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Assessing the consistency of public human tissue RNA-seq data sets
KTH, School of Biotechnology (BIO), Proteomics and Nanobiotechnology. (Involved Human Prot Atlas Project)ORCID iD: 0000-0002-7692-1100
2015 (English)In: Briefings in Bioinformatics, ISSN 1467-5463, E-ISSN 1477-4054, Vol. 16, no 6, 941-949 p.Article in journal (Refereed) Published
Resource type
Text
Abstract [en]

Sequencing-based gene expression methods like RNA-sequencing (RNA-seq) have become increasingly common, but it is often claimed that results obtained in different studies are not comparable owing to the influence of laboratory batch effects, differences in RNA extraction and sequencing library preparation methods and bioinformatics processing pipelines. It would be unfortunate if different experiments were in fact incomparable, as there is great promise in data fusion and meta-analysis applied to sequencing data sets. We therefore compared reported gene expression measurements for ostensibly similar samples (specifically, human brain, heart and kidney samples) in several different RNA-seq studies to assess their overall consistency and to examine the factors contributing most to systematic differences. The same comparisons were also performed after preprocessing all data in a consistent way, eliminating potential bias from bioinformatics pipelines. We conclude that published human tissue RNA-seq expression measurements appear relatively consistent in the sense that samples cluster by tissue rather than laboratory of origin given simple preprocessing transformations. The article is supplemented by a detailed walkthrough with embedded R code and figures.

Place, publisher, year, edition, pages
Oxford University Press, 2015. Vol. 16, no 6, 941-949 p.
Keyword [en]
RNA-seq, public data, meta-analysis, gene expression, clustering
National Category
Biochemistry and Molecular Biology Computational Mathematics
Identifiers
URN: urn:nbn:se:kth:diva-180145DOI: 10.1093/bib/bbv017ISI: 000365708700005PubMedID: 25829468OAI: oai:DiVA.org:kth-180145DiVA: diva2:893752
Note

QC 20160113

Available from: 2016-01-13 Created: 2016-01-07 Last updated: 2016-11-20Bibliographically approved
In thesis
1. Integration of RNA and protein expression profiles to study human cells
Open this publication in new window or tab >>Integration of RNA and protein expression profiles to study human cells
2016 (English)Doctoral thesis, comprehensive summary (Other academic)
Abstract [en]

Cellular life is highly complex. In order to expand our understanding of the workings of human cells, in particular in the context of health and disease, detailed knowledge about the underlying molecular systems is needed. The unifying theme of this thesis concerns the use of data derived from sequencing of RNA, both within the field of transcriptomics itself and as a guide for further studies at the level of protein expression. In paper I, we showed that publicly available RNA-seq datasets are consistent across different studies, requiring only light processing for the data to cluster according to biological, rather than technical characteristics. This suggests that RNA-seq has developed into a reliable and highly reproducible technology, and that the increasing amount of publicly available RNA-seq data constitutes a valuable resource for meta-analyses. In paper II, we explored the ability to extrapolate protein concentrations by the use of RNA expression levels. We showed that mRNA and corresponding steady-state protein concentrations correlate well by introducing a gene-specific RNA-to-protein conversion factor that is stable across various cell types and tissues. The results from this study indicate the utility of RNA-seq also within the field of proteomics.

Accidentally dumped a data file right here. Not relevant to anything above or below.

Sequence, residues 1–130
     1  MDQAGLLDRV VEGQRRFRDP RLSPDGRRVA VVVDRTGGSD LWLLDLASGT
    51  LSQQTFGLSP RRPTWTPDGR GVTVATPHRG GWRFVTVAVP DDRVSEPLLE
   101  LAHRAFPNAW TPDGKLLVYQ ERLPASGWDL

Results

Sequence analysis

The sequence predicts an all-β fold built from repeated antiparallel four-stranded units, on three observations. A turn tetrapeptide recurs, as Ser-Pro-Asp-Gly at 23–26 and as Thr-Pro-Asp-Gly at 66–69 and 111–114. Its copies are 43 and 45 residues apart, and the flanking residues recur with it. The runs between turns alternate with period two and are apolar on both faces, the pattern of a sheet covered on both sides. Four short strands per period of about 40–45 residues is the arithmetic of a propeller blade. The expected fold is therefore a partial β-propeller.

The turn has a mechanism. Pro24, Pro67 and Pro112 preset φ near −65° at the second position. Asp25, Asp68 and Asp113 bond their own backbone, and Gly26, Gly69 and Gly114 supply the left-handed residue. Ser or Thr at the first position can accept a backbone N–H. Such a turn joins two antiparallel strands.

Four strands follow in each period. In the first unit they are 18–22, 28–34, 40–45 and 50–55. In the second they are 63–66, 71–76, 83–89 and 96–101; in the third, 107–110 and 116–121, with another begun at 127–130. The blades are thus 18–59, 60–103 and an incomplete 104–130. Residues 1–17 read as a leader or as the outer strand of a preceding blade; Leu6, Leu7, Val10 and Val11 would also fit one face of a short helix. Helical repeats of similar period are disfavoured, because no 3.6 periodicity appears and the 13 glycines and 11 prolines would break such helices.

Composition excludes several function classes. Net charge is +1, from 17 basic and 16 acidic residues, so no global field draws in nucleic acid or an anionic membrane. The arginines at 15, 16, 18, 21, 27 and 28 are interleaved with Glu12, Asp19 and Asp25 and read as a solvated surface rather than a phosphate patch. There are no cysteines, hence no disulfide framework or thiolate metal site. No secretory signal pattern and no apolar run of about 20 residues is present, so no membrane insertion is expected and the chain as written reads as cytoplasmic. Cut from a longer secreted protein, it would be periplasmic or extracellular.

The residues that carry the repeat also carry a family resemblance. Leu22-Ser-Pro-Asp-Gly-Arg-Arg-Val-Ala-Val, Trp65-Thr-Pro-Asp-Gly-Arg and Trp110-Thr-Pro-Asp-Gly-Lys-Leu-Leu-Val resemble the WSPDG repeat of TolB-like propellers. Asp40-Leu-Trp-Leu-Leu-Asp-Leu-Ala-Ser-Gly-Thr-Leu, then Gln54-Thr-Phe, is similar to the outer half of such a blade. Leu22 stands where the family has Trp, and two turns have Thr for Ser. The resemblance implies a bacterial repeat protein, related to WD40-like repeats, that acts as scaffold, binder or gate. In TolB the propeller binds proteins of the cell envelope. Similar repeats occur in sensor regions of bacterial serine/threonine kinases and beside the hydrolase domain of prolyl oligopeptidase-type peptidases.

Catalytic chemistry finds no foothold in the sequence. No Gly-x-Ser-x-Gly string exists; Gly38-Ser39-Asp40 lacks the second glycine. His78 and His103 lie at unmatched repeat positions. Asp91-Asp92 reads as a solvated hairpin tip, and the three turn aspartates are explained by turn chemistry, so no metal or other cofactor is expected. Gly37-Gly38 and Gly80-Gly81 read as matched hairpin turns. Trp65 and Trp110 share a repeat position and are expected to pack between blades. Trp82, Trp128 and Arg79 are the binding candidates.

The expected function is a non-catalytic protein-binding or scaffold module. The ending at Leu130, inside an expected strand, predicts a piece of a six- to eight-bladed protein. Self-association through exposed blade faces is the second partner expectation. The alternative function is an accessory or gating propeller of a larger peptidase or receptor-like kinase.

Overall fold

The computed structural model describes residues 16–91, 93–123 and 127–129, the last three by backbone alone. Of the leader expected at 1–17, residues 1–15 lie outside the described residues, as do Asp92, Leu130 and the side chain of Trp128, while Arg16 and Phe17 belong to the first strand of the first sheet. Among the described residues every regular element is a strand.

The second part of the thesis starts with a paper in which we used transcriptomics to guide subsequent protein studies of the molecular mechanisms underlying malignant transformation. In paper III, we applied a transcriptomics approach to a cell model for defined steps of malignant transformation, and identified several genes with interesting expression patterns whose corresponding proteins were further analyzed with subcellular spatial resolution. Several of these proteins were further studied in clinical tumor samples, confirming that this cell model provides a relevant system for studying cancer mechanisms. In paper IV, we continued to explore the transcriptional landscape in the same cell model under moderate hypoxic conditions.

To conclude, this thesis demonstrates the usefulness of RNA-seq data, from a transcriptomics perspective and beyond; to guide in analyses of protein expression, with the ultimate goal to unravel the complexity of the human cell, from a holistic point of view.

Place, publisher, year, edition, pages
Stockholm: KTH Royal Institute of Technology, 2016. 54 p.
Series
TRITA-BIO-Report, ISSN 1654-2312
Keyword
RNA-seq, Transcriptomics, Proteomics, Malignant transformation, Cancer, Functional enrichment
National Category
Biological Sciences
Research subject
Biotechnology; Medical Technology
Identifiers
urn:nbn:se:kth:diva-196700 (URN)978-91-7729-209-8 (ISBN)
Public defence
2016-12-16, Rockefeller, Nobels väg 11, Solna, 13:00 (English)
Opponent
Supervisors
Funder
Knut and Alice Wallenberg Foundation
Note

QC 20161121

Available from: 2016-11-21 Created: 2016-11-18 Last updated: 2016-11-21Bibliographically approved

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